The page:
Tech can help you bridging the gaps. Successful retailers use integrated retail management systems that connect the different sales channels, enabling them to see all their sales and customer data in real time in the system, no matter if they come from the POS, the e-commerce website and the loyalty app. This kind of knowledge can bring great advantages: Lush, the cosmetics retailer, has been using real-time data stats to optimize their store layout. Employees in Lush stores have been changing the position of specific items based on the specific store’s sales data, placing close together products that have proved to sell well in combo.
Breaking it up
Once you have an idea of your customers’ profiles, segment them into groups. Divide them by lines which are relevant for the products you sell: age, gender, location (climate can be a very important factor if you for instance sell apparel and fashion). Do not forget to look at shopping history: you probably shouldn’t send an ad for a luxury diamond-encrusted timepiece to customers who usually buy plastic watches from you — and vice versa.
Let’s put it in context
What time of the day does your customer usually shop? What shopping items are available in his local store, or can be delivered free to his address? Has your customer changed location? All these contextual factors can be very important when it comes to delivering a meaningful, personalized shopping experience. If a customer who used to log in from Hawaii to order bikinis and shorts has recently changed delivery location to London – that’s a warning bell for you not to use last year’s shopping history for personalized offers.
Get a help from technology
Thankfully you don’t have to do all the data analysis on your own. There are now powerful and readily available tools that retailers can use to crunch customer data and get actionable suggestions. Microsoft’s Machine Learning Studio, which Microsoft Technical Program Manager Luis Cabrera introduced last year at conneXion, is one of these services. Just upload your data to the Microsoft web service and run the analytics model that best fits your research question. You can run various analyses, depending on your goal: better understand your audience, forecast product demand, or create to-the-point, personalized recommendations for customers.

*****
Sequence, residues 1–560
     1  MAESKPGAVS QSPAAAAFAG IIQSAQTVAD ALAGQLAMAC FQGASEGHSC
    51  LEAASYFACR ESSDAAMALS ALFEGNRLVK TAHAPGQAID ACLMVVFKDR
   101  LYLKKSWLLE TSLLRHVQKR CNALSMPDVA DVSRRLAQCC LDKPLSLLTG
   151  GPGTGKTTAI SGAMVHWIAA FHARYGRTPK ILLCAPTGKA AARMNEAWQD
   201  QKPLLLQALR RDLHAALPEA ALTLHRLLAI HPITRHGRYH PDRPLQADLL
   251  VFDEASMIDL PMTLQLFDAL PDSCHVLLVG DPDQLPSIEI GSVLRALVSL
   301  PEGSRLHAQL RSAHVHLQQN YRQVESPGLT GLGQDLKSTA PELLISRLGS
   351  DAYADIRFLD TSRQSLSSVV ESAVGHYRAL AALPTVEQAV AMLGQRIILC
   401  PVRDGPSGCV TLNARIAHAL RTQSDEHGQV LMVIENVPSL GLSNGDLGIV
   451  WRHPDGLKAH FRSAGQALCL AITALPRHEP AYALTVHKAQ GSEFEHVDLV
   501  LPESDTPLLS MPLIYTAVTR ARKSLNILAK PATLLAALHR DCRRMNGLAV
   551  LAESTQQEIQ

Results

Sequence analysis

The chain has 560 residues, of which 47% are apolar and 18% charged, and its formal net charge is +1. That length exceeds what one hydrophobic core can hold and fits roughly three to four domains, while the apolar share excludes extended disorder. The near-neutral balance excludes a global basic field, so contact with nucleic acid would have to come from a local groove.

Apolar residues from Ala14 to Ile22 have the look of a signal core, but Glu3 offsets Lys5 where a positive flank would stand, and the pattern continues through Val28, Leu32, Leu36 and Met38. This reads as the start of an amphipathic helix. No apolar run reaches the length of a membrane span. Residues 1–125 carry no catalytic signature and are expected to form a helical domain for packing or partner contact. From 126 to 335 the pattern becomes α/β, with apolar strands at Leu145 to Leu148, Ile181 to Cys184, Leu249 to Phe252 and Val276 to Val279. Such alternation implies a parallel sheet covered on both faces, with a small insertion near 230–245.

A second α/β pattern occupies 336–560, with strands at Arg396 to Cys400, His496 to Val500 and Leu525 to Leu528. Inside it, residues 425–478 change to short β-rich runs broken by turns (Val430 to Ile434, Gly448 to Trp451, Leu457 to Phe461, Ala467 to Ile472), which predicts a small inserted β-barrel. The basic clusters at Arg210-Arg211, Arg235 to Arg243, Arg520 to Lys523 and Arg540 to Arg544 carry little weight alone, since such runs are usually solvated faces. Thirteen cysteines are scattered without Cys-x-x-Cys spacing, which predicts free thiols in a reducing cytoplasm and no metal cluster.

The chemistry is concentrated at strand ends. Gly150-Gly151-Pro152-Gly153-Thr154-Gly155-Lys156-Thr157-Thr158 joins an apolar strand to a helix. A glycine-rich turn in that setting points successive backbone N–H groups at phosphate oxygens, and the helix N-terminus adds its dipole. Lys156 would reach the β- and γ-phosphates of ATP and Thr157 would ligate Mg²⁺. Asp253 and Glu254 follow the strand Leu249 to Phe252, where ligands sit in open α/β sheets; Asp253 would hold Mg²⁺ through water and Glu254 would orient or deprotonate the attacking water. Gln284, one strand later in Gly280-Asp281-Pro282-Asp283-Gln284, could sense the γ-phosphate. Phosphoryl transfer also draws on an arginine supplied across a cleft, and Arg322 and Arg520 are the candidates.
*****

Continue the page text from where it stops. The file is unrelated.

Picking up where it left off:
There are major opportunities open for retailers who have the data, and know how to use it.
Big Brother? No, thank you
Personalization is great, and we all want companies to recognize us as a valued shopper – up to a certain point.
Imagine this: you are on a trip abroad, and enter the physical location of an online shoe store where you often shop. The staff member at the door greets you by name “Good morning, Mr. Chang! Welcome to New York!” What would your first thought be?
- Oh wow, great personalized service!
- How on earth do they know my name and where I’m from?!
The scenery above is technically possible, as long as the customer is using a loyalty app, and the store has installed beacons. Even though technology enables you to go this far, most people would find this level of personalization excessive, and probably borderline creepy.
Even if you don’t go these lengths, make sure you keep some boundaries. People often like browsing unnoticed, and don’t want to be immediately identified across channels. Ultimately, the goal of personalization is to make people feel like a celebrity, not like the unwilling protagonists of a reality show.